The English Education program at the University of North Carolina at Greensboro is designed to produce highly skilled teachers for the profession. The program provides opportunities for the prospective teacher to become effective in the classroom, meeting the demands of a challenging and changing educational environment and satisfying state licensure requirements
The English Education program is designed to produce highly skilled teachers for the profession. The program provides opportunities for the prospective teacher to become effective in the classroom, meeting the demands of a challenging and changing educational environment and satisfying state licensure requirements. We see our program as a community where students and teachers apply theoretical concepts, practice strategies and develop teaching approaches. The teacher in this community uses her knowledge to help support students in becoming critical, conscious thinkers. The classroom we envision is a community as well as where students are actively engaged in making knowledge, not merely receiving it. We promote in our courses this sort of consciousness and activity among students. We recognize that when students become critical thinkers themselves, they learn how to nurture critical thinking among students they will teach.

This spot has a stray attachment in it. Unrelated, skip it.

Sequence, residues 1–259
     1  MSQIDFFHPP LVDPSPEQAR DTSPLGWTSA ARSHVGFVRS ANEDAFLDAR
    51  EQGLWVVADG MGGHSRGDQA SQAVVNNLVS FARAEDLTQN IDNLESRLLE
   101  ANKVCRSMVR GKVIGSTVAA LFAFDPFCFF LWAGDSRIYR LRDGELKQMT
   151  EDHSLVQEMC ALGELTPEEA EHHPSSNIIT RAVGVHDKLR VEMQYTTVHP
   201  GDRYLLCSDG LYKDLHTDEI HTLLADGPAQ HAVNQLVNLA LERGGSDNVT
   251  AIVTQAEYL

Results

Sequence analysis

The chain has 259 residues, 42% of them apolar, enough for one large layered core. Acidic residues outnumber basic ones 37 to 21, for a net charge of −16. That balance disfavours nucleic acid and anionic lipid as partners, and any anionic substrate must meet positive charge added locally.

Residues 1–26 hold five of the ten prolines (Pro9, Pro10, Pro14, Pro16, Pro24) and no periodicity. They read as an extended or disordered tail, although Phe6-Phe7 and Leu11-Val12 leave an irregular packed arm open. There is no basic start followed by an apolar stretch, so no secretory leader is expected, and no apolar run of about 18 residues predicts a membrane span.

The English Education program is grounded in a thorough preparation in the liberal arts, professional studies, and in specialty courses--all of which form a dynamic collaboration that combines theory and practice, content and skill. Our emphasis on a strong background in liberal arts and in English in particular is supported by many recent recommendations for improving teacher education programs nationally, including the influential 1986 Carnegie Commission report, which calls for a fifth year of professional preparation: "Four years is not enough time to master the subjects to be taught and acquire the skills to teach them. The undergraduate years should be wholly devoted to a broad liberal education and a thorough grounding in the subjects to be taught"(73). The intent of the recommendation is clearly to strengthen the training within subject matter areas and to provide students a broad base from which to develop teaching strategies. Our requirements allow students to acquire that kind of broad knowledge of their subject as well as practice in applying it within a four-year program.